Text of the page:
Research Seminar: Dr Eyal Privman - University of Hanifa (Israel)

13 June 2022, 1.00 PM - 13 June 2022, 2.00 PM

Dr Eyal Privman hosted by Dr Nathalie Stroeymeyt



Supergenes are large genomic regions that determine complex polymorphic traits.


The most well known example are sex chromosomes. A large portion of the X and Y chromosomes do not recombine, which allows them to diverge and evolve sex-specific traits. In general, supergenes allow for the evolution of a diverse range of complex traits, including floral morphology in primroses, mimetic wing patterns in butterflies, and morphs with distinct reproductive strategies in birds and lizards. All these examples constitute complex traits of high fitness impact.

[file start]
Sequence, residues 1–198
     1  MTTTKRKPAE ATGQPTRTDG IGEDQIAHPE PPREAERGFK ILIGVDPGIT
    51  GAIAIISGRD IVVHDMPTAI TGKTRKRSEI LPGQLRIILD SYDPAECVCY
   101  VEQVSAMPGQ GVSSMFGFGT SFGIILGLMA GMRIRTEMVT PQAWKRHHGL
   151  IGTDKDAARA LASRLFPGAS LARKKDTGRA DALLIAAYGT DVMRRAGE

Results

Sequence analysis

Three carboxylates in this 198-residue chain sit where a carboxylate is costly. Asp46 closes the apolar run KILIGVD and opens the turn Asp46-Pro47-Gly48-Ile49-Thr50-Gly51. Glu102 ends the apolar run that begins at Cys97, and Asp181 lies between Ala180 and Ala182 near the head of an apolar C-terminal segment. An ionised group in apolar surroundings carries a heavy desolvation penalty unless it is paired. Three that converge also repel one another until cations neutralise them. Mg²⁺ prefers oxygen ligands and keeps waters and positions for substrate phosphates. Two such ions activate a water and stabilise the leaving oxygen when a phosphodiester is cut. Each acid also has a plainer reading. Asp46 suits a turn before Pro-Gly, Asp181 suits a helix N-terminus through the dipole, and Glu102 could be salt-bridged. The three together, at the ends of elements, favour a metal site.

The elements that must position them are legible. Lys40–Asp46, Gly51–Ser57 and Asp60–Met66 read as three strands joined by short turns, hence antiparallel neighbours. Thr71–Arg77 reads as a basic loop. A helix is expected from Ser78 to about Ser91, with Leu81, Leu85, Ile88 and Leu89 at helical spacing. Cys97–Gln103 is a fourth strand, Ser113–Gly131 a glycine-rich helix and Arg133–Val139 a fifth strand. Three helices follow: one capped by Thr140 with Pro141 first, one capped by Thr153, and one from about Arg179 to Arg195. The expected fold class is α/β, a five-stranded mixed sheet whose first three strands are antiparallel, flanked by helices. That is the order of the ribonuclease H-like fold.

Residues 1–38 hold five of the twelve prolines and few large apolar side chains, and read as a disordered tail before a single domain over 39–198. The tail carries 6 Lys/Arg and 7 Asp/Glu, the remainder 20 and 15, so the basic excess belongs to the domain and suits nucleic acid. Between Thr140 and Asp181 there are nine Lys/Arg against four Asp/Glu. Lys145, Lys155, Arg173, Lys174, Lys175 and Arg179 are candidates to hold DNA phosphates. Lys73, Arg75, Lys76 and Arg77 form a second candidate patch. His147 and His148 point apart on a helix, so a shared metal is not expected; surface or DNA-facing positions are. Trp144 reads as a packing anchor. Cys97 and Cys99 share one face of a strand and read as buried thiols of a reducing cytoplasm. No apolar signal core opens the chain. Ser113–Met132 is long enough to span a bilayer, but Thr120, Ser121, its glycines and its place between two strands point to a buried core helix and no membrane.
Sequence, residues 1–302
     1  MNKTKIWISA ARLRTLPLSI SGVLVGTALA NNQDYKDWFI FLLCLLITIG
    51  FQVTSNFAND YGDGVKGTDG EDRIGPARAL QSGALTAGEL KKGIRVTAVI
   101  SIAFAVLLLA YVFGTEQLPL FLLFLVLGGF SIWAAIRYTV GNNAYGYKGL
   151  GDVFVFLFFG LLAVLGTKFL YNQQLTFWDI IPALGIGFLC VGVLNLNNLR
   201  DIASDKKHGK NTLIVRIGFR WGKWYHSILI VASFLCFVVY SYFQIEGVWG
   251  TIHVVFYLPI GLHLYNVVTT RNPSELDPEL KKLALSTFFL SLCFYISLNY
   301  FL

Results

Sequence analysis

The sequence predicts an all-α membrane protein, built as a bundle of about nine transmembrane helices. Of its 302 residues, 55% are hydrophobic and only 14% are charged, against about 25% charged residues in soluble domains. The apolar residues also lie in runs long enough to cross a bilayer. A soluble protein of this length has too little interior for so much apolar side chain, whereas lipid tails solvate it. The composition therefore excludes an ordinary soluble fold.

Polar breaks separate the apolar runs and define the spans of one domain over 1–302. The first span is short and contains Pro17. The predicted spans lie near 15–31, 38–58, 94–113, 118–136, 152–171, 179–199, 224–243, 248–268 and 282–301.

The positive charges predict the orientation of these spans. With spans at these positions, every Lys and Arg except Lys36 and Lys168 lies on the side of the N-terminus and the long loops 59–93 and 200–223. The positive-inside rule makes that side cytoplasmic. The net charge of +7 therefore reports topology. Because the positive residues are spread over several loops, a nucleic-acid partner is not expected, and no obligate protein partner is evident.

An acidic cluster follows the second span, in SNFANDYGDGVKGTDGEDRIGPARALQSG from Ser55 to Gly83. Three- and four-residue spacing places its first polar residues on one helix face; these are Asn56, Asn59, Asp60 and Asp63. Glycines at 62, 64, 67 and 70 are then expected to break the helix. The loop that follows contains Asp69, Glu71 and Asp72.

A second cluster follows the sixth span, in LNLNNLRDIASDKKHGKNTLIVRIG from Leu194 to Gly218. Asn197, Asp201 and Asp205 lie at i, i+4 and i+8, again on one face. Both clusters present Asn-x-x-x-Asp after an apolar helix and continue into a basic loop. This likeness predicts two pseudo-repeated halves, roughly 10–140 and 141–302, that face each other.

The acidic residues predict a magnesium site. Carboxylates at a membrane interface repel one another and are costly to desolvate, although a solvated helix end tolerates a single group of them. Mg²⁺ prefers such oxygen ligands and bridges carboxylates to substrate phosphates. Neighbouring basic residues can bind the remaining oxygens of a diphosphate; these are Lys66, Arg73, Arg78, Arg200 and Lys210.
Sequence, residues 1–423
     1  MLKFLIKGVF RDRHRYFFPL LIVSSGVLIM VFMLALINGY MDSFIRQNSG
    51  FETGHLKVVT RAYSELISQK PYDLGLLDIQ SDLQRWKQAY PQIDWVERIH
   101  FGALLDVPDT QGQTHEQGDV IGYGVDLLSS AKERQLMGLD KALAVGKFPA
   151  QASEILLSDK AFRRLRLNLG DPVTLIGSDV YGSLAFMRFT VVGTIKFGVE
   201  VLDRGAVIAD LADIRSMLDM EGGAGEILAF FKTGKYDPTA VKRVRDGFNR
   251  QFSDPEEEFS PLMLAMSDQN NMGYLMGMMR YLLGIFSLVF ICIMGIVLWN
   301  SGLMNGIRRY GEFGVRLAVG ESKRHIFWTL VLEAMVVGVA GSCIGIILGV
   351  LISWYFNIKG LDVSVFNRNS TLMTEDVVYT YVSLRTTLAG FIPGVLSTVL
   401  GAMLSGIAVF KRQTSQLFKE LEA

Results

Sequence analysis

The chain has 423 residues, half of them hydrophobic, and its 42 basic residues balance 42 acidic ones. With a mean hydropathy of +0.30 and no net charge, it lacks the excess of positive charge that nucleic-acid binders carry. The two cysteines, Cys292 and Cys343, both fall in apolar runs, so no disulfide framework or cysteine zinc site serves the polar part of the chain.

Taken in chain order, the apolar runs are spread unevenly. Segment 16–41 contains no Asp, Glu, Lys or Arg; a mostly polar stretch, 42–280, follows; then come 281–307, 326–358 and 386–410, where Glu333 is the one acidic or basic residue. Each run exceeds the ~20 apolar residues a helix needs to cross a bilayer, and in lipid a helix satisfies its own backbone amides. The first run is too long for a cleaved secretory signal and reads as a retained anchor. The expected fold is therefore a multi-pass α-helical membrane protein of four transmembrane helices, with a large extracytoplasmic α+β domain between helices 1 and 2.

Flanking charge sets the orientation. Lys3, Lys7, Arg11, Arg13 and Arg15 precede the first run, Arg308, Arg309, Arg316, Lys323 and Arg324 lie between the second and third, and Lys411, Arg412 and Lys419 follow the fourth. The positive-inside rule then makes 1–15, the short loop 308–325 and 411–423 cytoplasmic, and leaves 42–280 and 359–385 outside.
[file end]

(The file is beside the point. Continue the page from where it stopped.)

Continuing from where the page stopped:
In social insects such as ants, the social structure and mode of colony reproduction have great ecological and evolutionary consequences. "Social chromosomes" harbor supergenes that determine colony structure in socially polymorphic species, which form either monogyne (headed by a single queen) or polygyne colonies (with multiple queens). Such supergenes were discovered in the tropical fire ant Solenopsis invicta, the Alpine wood ant Formica selysi, the harvester ant Pogonomyrmex barbatus, and we have discovered a fourth in the desert ant Cataglyphis niger. We are investigating the genomic architecture and evolution of this chromosome. Comparative analyses of the four systems reveal general patterns of social supergene evolution, as well as striking variations that may reflect differences in life history and ecology among ant lineages. Specifically, we are investigating the mode of apparently strict maternal inheritance of the supergene in Cataglyphis, and the mechanism responsible for this pattern. 

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